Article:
K8KT, better known as Karl Thompson when he’s not on the air, has been working the amateur radio since he was 5 years old in Wyoming County. He has a 120-foot antenna at his house and can type 40 words per minute in Morse code.
Thompson is a ham.
But so was everyone at the Emmanuel Baptist Church activities room on Saturday.
A ham is an amateur radio operator and the local hams were gathered for the 32nd annual Charleston Hamfest.
“Hamfests have just about gone away since eBay,” said Ken Robinson, K4KBR, of Fall Branch, Tennessee.
While Robinson had sold most of his good equipment by noon, he said Hamfests are really about the community now.
“I still like to come up here because I still see people I used to see,” Robinson said.
And it was clear that others were there for the same reason. They talked shop about equipment and bantered like old friends.
Most of them wear their call signs on their chest or maybe on a custom-made hat.
It serves for instant recognition, putting a face to a voice before the ham has even opened his mouth.
Bill Crouch, WD8L, likes the community of ham operators. He said that they’ll come over and help whenever needed, and he likes talking to them.
“It’s just a good, clean hobby,” Crouch said.
Amateur radio has been a hobby for a long time.
It started back in the late 1800s as a precursor to commercial radio and has only grown since. It has been around for each new technological revolution, from television to the smartphone, and as some of the hams like to say, sometimes all it takes is a single wire.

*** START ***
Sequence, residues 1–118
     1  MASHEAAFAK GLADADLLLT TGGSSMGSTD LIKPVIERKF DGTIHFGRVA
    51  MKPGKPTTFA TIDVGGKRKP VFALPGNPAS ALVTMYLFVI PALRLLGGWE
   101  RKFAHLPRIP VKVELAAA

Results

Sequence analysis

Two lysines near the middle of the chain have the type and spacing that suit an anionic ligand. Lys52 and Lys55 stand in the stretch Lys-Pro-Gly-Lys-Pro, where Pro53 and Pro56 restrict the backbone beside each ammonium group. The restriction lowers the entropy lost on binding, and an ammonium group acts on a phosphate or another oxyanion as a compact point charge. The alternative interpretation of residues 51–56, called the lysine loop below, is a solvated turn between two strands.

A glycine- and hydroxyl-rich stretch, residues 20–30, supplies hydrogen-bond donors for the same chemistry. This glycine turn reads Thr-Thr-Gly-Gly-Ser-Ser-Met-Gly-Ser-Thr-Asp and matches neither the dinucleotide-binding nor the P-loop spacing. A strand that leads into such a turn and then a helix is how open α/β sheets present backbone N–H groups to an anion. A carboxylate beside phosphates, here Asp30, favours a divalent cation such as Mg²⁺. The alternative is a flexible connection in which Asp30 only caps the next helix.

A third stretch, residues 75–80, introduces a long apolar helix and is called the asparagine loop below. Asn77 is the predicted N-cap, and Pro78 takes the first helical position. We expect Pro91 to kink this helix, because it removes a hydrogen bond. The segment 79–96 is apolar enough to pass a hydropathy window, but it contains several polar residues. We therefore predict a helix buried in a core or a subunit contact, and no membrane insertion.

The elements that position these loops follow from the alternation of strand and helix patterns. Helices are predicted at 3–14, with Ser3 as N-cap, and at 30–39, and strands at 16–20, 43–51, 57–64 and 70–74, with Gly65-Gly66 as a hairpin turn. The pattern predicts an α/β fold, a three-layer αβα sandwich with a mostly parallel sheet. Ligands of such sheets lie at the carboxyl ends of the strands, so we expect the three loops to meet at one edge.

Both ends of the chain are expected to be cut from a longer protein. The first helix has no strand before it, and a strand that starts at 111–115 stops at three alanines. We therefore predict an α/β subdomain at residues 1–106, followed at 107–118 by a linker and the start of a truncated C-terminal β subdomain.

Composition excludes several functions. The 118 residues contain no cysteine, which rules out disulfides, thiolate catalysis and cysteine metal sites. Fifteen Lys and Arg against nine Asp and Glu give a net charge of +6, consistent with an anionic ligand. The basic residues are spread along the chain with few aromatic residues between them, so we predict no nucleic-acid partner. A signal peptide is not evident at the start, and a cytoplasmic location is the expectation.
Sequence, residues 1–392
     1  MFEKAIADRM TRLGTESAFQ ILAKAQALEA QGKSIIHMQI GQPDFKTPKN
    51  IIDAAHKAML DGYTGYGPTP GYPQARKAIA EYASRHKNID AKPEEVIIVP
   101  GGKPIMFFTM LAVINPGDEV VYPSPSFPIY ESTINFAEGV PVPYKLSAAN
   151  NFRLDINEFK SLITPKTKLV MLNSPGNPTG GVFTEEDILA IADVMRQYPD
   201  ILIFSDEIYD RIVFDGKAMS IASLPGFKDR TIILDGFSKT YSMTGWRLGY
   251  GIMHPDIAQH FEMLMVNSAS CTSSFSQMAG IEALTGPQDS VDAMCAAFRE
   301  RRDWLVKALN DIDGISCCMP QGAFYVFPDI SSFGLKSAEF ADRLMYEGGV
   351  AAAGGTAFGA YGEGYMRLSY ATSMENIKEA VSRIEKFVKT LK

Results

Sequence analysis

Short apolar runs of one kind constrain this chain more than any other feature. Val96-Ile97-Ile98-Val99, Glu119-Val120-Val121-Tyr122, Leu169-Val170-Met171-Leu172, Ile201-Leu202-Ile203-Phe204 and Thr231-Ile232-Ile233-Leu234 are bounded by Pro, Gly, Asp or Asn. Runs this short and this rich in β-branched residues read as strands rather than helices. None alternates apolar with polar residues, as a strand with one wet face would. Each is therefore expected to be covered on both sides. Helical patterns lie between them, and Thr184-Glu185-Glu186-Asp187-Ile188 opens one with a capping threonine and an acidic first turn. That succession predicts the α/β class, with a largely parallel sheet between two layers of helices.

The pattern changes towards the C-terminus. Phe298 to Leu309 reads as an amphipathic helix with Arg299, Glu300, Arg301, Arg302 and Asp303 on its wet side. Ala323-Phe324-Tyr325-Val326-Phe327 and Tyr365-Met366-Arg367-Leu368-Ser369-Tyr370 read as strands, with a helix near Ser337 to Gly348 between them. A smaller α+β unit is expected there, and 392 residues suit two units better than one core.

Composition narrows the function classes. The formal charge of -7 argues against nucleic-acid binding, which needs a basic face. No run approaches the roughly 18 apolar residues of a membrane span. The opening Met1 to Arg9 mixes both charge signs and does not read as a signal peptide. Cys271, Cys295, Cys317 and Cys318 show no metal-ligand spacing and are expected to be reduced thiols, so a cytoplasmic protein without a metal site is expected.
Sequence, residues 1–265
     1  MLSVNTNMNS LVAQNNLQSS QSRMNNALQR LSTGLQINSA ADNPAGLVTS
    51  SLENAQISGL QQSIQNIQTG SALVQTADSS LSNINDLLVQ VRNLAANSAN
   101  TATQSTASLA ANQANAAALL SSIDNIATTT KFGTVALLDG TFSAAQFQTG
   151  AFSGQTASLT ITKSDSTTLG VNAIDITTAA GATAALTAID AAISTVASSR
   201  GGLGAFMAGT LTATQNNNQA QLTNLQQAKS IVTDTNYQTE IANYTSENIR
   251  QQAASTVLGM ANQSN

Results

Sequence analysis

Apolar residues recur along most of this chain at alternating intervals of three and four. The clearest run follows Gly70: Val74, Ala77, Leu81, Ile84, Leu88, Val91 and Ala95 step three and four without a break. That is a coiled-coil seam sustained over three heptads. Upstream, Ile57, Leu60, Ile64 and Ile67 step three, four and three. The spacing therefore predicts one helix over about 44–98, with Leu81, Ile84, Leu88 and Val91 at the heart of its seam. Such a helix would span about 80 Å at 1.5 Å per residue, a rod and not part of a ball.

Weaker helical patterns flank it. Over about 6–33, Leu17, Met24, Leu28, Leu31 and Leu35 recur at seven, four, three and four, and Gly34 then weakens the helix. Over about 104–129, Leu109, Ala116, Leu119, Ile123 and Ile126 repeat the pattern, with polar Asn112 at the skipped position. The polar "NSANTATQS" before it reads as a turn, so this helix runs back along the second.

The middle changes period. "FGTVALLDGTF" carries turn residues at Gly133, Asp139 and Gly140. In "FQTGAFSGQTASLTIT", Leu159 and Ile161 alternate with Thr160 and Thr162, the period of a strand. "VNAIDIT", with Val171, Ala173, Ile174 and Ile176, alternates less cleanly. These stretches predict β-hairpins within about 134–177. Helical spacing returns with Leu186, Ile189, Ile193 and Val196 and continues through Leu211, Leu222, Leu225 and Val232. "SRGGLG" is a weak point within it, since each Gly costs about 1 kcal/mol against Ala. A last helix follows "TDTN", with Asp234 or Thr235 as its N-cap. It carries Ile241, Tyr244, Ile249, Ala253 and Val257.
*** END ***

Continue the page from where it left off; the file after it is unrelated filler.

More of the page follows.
It’s a social hobby for social people.
Thompson got into the hobby 70 years ago, when he was 5 years old. He had an uncle who lived nearby that was an amateur radio operator.
Thompson told the story of how his uncle was able to make contact with one of the ships returning home from World War II. It just so happened that there was a soldier on the ship from a nearby town. Thomson’s uncle went and got the man’s mother, brought her to his radio and for the first time in three years, mother and son were able to talk.
Those are the types of stories that the hams like to tell. Sure, they can say that they’ve talked to people on almost every continent; Randy Damron, N8XEA, who organizes the Charleston Hamfest, is working on getting all 50 states.
But amateur radio is also used in times of crisis.
On September 11, when the communications towers on the top of the World Trade Center went out, amateur radio operators were able to help firefighters coordinate their plans.
That’s part of the reason why the Federal Communications Commission requires hams to get a license.
Most of the hams can name the celebrities who are also licensed, and Thompson has even talked to a few of them.
He’s had conversations with Barry Goldwater, King Hussein bin Talal of Jordan, Walter Cronkite and some country music stars.
The conversations are often about where people are from, their families, their equipment and the weather. Talking about politics or religion is frowned upon, as is bad language.
The hobby is similar to social media, before there was social media. A way for a 5-year-old boy in Wyoming County to connect himself to the world.
But also for those with a taste for electronics.
“I guess you could say amateur radio enthusiast are somewhat geeks,” Damron said.
Reach Daniel Desrochers at firstname.lastname@example.org, 304-348-4886 or follow @drdesrochers on Twitter.